The cause of the record-low ice — and whether future years will similarly buck the growing trend — is unclear, James Pope said in a statement. He is a climate scientist with the British Antarctic Survey in Cambridge, England. “It is difficult to identify what is causing the record minimum and whether anything significant has changed” so close to the record-setting event, he said. Researchers may not understand for years what caused the decline in sea ice. “We will now study the data with interest and look at what is causing this minimum,” he said.

Meanwhile, in the Northern Hemisphere, where it is winter, Arctic sea ice is growing. But sea ice there set another record. It had its smallest January extent on record. That edges out the previous record — set just last year.

Power Words

(for more about Power Words, click here)

Antarctica     A continent mostly covered in ice, which sits in the southernmost part of the world.

Arctic     A region that falls within the Arctic Circle. The edge of that circle is defined as the northernmost point at which the sun is visible on the northern winter solstice and the southernmost point at which the midnight sun can be seen on the northern summer solstice.

Arctic sea ice     Ice that forms from seawater and that covers all or parts of the Arctic Ocean.

average     (in science) A term for the arithmetic mean, which is the sum of a group of numbers that is then divided by the size of the group.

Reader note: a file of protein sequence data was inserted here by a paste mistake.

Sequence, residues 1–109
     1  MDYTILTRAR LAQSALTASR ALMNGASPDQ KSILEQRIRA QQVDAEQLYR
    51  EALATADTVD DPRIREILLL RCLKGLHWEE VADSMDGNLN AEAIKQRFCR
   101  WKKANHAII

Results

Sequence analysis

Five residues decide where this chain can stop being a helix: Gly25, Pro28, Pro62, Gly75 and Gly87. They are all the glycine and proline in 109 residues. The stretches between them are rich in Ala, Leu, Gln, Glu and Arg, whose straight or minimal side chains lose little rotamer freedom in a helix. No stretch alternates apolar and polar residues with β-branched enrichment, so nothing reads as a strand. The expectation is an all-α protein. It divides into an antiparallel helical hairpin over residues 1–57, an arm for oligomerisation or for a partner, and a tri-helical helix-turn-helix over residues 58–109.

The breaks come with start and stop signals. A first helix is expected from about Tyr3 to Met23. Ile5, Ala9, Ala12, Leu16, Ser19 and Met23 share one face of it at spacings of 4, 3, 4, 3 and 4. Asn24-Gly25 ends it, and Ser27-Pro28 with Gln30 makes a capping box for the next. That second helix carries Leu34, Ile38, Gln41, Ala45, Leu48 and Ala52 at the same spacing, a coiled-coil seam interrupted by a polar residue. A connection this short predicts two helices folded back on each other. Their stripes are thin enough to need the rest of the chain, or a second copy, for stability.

climate     The weather conditions prevailing in an area in general or over a long period.

continent     (in geology) The huge land masses that sit upon tectonic plates. In modern times, there are six geologic continents: North America, South America, Eurasia, Africa, Australia and Antarctica.

data     Facts and/or statistics collected together for analysis but not necessarily organized in a way that gives them meaning. For digital information (the type stored by computers), those data typically are numbers stored in a binary code, portrayed as strings of zeros and ones.

National Oceanic and Atmospheric Administration     (or NOAA) A science agency of the U.S. Department of Commerce. Initially established in 1807 under another name (The Survey of the Coast), this agency focuses on understanding and preserving ocean resources, including fisheries, protecting marine mammals (from seals to whales), studying the seafloor and probing the upper atmosphere.

sea     An ocean (or region that is part of an ocean). Unlike lakes and streams, seawater — or ocean water — is salty.

square     (in geometry) A rectangle with four sides of equal length. (In mathematics) A number multiplied by itself, or the verb meaning to multiply a number by itself. The square of 2 is 4; the square of 10 is 100.

survey     (v.) To ask questions that glean data on the opinions, practices (such as dining or sleeping habits), knowledge or skills of a broad range of people. Researchers select the number and types of people questioned in hopes that the answers these individuals give will be representative of others who are their age, belong to the same ethnic group or live in the same region. (n.) The list of questions that will be offered to glean those data.

Readability Score:

7.5

Further Reading

NOAA National Centers for Environmental Information: Global Snow and Ice January 2017